Dianthus barbatus L.

Dianthus barbatus L., Sp. Pl. ed. 1 (1753) 401; Hayek, Prodr. Fl. Penins. Balc. I (1924) 227; Стоян. Ахт., Сборн. БАН XXIX (1935) 38 — Брадат карамфил

Fam:   Caryophyllaceae Juss.
Genus:   Dianthus L.
Species: Dianthus barbatus L.
English Name: Sweet William


Perennial plant, 60 cm high, almost naked. Leaves lanceolate, 10 - 15 mm wide, sometimes at the base narrowed into a short stalk; lower the top blunt, sharp or prolonged above pointed, with mesh veins; midrib strongly convex side unclear. Blossms with short handles, collected in large, multicolored head. Bracts herbaceous, almost as long as the blossoms. A pan with flakes oval, ending with little awns. Lamina of petals purple, with a group of smaller hairs on the upper surface.

subsp. barbatus. Wholesale plant, 60 cm high. Inflorescence multiblossom head. Western Stara Planina (Balkan), Vitosha region, Rila mountain.
subsp. compactus (Kit.) Heuff., Verh. Zool. Bot. Gesell. Wien VIII (1858) 68; Dianthus compactus Kit. in Schult., Őestreichs Fl..ed. 2, I (1814) 654; Hayek, 1. c .; D. barbatus var. compactus (Kit.) Stoj. et Acht., 1. c. Whole plant lower and densely branched. Inflorescence tightly compressed. Rila mountain.

Economic significance. Popular ornamental plant, widespread in culture almost throughout Europe and beyond.

D. barbatus x D. superbus var. speciosus Reichenb .; D. fritschii Keller, Ősterr. Bot. Zeitschr. XLVI (1896) 391.
Stem usually unbranched. Petals pale pink, the top cut to 1/3. Calyx as in D. superbus. Vitosha region.

From: „Флора на НР България”, том III, БАН, София, (1067)

From Wikipedia, the free encyclopedia
"Sweet william" redirects here. For the folk song sometimes known by that name, see Lord William.
Dianthus barbatus (Sweet William) [1] is a species of Dianthus native to southern Europe and parts of Asia which has become a popular ornamental garden plant. It is a herbaceous biennial or short-lived perennial plant growing to 30–75 cm tall, with flowers in a dense cluster of up to 30 at the top of the stems. Each flower is 2–3 cm diameter with five petals displaying serrated edges. Wild plants produce red flowers with a white base, but colours in cultivars range from white, pink, red, and purple to variegated patterns. The exact origin of its English common name is unknown but first appears in 1596 in botanist John Gerard's garden catalog. The flowers are edible and may have medicinal properties.[citation needed] Sweet William attracts bees, birds, and butterflies.
Sweet William is a herbaceous biennial or short-lived perennial plant native to the mountains of southern Europe from the Pyrenees east to the Carpathians and the Balkans, with a variety disjunct in northeastern China, Korea, and southeasternmost Russia.[2][3][4] It grows to 30–75 cm tall, with green to glaucous blue-green tapered leaves 4–10 cm long and 1–2 cm broad. The flowers are produced in a dense cluster of up to 30 at the top of the stems and have a spicy, clove-like scent; each flower is 2–3 cm diameter with five petals with serrated edges; in wild plants the petals are red with a white base.[4][5][6]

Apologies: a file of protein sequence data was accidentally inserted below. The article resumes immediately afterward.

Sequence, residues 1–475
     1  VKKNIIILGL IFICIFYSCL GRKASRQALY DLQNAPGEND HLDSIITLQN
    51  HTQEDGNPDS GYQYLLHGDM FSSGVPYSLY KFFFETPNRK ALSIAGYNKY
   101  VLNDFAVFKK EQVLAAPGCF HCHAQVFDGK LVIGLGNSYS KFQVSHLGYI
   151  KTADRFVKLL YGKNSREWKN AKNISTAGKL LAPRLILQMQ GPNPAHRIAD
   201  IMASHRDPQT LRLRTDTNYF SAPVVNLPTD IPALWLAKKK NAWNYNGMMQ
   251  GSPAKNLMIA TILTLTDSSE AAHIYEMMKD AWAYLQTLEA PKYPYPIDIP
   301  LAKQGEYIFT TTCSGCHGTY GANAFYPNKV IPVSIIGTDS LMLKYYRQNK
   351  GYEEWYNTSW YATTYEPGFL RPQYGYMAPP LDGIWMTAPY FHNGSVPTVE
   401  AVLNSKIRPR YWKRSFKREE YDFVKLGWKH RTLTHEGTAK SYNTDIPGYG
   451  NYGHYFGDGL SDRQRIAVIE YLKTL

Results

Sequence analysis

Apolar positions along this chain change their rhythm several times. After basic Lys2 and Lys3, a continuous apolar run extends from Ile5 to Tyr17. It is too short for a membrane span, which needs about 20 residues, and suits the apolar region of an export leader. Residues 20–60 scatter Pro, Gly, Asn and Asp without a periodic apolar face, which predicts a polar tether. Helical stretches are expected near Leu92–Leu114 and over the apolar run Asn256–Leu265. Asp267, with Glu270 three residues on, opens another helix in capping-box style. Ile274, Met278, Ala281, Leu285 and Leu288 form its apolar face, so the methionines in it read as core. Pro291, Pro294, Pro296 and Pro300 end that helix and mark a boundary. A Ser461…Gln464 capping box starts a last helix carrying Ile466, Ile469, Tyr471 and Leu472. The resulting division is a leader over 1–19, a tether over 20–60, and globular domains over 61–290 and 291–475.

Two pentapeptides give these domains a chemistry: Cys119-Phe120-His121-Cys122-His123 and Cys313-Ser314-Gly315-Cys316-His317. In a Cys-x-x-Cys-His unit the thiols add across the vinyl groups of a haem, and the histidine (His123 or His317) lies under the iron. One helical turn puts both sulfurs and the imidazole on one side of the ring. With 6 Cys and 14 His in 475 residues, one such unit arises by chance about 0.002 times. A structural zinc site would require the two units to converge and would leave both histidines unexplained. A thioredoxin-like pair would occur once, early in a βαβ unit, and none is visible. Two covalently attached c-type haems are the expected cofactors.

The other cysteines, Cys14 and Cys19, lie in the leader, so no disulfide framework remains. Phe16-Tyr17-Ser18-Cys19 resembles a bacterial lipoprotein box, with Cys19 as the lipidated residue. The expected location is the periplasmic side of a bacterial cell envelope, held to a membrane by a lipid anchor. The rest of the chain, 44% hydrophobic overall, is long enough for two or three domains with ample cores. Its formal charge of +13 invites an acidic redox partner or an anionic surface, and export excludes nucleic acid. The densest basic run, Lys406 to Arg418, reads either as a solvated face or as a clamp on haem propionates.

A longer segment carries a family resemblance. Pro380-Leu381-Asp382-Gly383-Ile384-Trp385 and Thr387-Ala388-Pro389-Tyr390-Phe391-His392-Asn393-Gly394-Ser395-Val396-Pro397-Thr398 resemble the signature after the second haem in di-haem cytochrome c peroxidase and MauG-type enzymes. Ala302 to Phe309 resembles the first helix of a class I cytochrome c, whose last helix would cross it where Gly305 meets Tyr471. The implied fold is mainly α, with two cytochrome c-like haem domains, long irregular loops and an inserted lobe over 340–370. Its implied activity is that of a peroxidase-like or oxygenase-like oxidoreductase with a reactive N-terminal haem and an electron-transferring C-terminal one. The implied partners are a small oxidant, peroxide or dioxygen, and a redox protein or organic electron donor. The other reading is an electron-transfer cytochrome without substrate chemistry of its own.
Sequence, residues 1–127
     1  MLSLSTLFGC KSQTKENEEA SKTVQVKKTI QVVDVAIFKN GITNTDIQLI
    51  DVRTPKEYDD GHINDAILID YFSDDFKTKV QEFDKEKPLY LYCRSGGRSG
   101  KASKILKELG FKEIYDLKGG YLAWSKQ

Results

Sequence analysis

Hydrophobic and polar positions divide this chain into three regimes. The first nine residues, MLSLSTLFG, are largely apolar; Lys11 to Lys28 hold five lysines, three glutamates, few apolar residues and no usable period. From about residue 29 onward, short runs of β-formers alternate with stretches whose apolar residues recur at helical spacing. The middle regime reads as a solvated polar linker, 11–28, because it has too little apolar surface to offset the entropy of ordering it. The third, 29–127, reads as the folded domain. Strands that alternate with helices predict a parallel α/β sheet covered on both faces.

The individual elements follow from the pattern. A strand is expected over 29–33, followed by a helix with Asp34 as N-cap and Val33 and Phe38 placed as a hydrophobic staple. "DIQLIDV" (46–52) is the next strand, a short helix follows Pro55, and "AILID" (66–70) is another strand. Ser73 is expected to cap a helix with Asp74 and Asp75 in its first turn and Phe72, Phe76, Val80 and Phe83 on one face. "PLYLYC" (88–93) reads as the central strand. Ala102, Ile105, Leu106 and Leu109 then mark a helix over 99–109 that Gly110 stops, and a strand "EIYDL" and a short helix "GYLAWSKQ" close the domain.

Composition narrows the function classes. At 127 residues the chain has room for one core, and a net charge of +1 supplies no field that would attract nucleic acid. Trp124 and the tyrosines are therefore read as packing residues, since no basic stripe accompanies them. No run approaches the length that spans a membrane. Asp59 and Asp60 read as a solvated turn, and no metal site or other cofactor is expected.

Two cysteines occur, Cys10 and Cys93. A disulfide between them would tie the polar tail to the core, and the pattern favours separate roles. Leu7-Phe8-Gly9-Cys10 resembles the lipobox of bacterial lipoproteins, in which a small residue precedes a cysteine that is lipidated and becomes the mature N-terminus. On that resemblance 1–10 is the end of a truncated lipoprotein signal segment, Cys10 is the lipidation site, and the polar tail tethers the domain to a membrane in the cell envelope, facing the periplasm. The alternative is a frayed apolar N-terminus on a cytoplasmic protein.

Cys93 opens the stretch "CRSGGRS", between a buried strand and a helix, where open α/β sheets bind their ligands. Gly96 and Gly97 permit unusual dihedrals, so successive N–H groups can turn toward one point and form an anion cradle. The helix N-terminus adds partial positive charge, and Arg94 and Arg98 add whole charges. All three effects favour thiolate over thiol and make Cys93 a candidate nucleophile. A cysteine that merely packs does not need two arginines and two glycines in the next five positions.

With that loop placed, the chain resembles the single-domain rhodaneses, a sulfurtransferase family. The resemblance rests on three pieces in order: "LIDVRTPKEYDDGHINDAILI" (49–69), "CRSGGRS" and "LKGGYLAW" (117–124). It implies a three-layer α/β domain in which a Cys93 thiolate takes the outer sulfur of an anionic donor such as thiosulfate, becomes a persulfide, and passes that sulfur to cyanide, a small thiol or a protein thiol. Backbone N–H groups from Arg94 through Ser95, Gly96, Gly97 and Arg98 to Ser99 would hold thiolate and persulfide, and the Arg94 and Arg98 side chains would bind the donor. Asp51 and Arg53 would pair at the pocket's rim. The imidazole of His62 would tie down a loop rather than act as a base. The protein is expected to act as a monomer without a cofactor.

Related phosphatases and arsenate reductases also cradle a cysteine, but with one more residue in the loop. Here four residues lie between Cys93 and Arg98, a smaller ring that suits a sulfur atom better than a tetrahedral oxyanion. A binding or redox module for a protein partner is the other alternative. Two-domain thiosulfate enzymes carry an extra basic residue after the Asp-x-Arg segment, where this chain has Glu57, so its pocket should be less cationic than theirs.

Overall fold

There are two varieties:[4]
Dianthus barbatus var. barbatus. Southern Europe. Leaves broader, up to 2 cm broad.
Dianthus barbatus var. asiaticus Nakai. Northeastern Asia. Leaves slenderer, not over 1 cm broad.
English name
Many legends purport to explain how Sweet William acquired its English common name, but none is verified. "Sweet William" is often said to honour the 18th century Prince William, Duke of Cumberland. As a result of the Duke's victory at the Battle of Culloden and his generally brutal treatment of the king's enemies, it is also claimed that the Scots sometimes call the flower "Stinking Billy".[7][8][9] Though this makes a nice story, it is entirely untrue. The Scots sometimes refer to the noxious ragwort,[which?] as "Stinking Billy" in memory of the infamous Duke. The English botanist John Gerard referred to Dianthus barbatus as "Sweete Williams" in his garden catalogue of 1596, 150 years before Culloden.[10] Phillips speculated that the flower was named after Gerard's contemporary, William Shakespeare.[11] It is also said to be named after Saint William of York or after William the Conqueror. Another etymological derivation is that william is a corruption of the French oillet, meaning "little eye". Sweet William is a favourite name for lovelorn young men in English folkloric ballads, e.g., "Fair Margaret and Sweet William."

Flowering Time: Blooms: VI - VIII

References: „Флора на НР България”, том III, БАН, София, (1067)

Distribution in Bulgaria: In thickets, meadows and forests, Western Stara Planina (Balkan), Vitosha region, Rila mountain, from 700 to 2000 m altitude (Conspectus of the Bulgarian Vascular Flora) = conspectus&gs_l= Zlc.

Distribution: Southern Europe (Pyrenees, Apennines, Alps, Carpathians, Balkans), the Caucasus, Siberia.

Conservation status and threats: not protected species in Bulgaria by theBiodiversity Law. Законодателство на Република България: Закон за биологичното разнообразие

Medical plant: it is not medical plant -



Dianthus barbatus 1.

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